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It is surprising how important is a tight throat plate to ensure successful sawing on the bandsaw. A  throat plate with a narrow kerf that flanks the blade neatly will prevent small wedge-shaped parts that separate during the sawing process from jamming the blade.

Our Grizzly Band saw came with plastic throat plate that had unusually wide kerf. This plate agonized us for a long time, that is until I decided that it is time to make a replacement. I used plywood and cut the circular plate on the band saw. Then I shaped a rabbet around its circumference to allow it to sit flush with the band saw table top surface. Once the plate was ready, I cut the kerf.

The main advantage of plywood for throat plates is that you can easily rehabilitate it even after the kerf had been widened up or became longer with use. To do so I take the plates out, affix a strip of masking tape over the top surface, turn it upside down and pour epoxy into the wide irregular kerf. After the epoxy cures, I reintroduce the plate to the band saw and behold – the new-old throat plate had been re-born. Sure it is possible to spend a few dollars and buy an aftermarket plastic throat plates, (although it might not fit into every bandsaws model out there), but these plates cannot be restored as most likely it would be very difficult to have the epoxy adhere to the plastic surface.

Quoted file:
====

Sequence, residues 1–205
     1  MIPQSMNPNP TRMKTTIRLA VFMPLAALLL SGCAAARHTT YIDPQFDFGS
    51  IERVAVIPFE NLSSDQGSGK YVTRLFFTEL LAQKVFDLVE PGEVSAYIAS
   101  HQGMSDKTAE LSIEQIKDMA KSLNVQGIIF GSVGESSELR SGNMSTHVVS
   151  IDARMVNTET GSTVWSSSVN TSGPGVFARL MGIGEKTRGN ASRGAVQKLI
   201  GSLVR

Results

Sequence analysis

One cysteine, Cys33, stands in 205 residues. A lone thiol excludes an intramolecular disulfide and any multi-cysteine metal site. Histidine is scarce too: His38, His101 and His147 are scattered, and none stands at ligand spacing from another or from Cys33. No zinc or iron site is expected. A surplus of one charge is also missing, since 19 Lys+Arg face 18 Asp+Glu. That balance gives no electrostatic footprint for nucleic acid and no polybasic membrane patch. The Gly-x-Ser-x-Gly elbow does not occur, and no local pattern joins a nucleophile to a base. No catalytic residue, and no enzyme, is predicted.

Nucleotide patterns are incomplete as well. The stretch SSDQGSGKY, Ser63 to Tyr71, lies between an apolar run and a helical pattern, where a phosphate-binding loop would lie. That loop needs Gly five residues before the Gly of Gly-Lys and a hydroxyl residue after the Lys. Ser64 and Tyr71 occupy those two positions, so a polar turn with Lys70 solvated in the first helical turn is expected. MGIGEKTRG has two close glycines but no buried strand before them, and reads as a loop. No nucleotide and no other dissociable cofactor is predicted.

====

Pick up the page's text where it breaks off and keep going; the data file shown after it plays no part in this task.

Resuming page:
For this reason, I believe it’s worthwhile to spend some time and make your next plate from MDF or Plywood.

– Yoav Liberman

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Showing 7 comments

    I turn a blank my my lathe, turn the tenon that fits in the drop in portion and part off the top. If it’s proud I just touch it on a belt sander.
    I do multiples this way.

  • Jim Dee

    Very good! But you don’t address the one aspect of the job I’ve struggled with: cutting the kerf in the insert. I have come up with a couple methods for keeping the circular workpiece straight as it’s cut, but I’d like to hear about yours. I have fastened the new throat plate to a square piece of scrap and used that to guide it along a fence. I have marked a pencil line and cut to that freehand. I have trapped the circular blank between two parallel fences and done my best not to let it rotate as I hold it down with a good, sticky push stick. But all these methods seem either too involved or too imprecise to me, and I’d like to hear how you do it.

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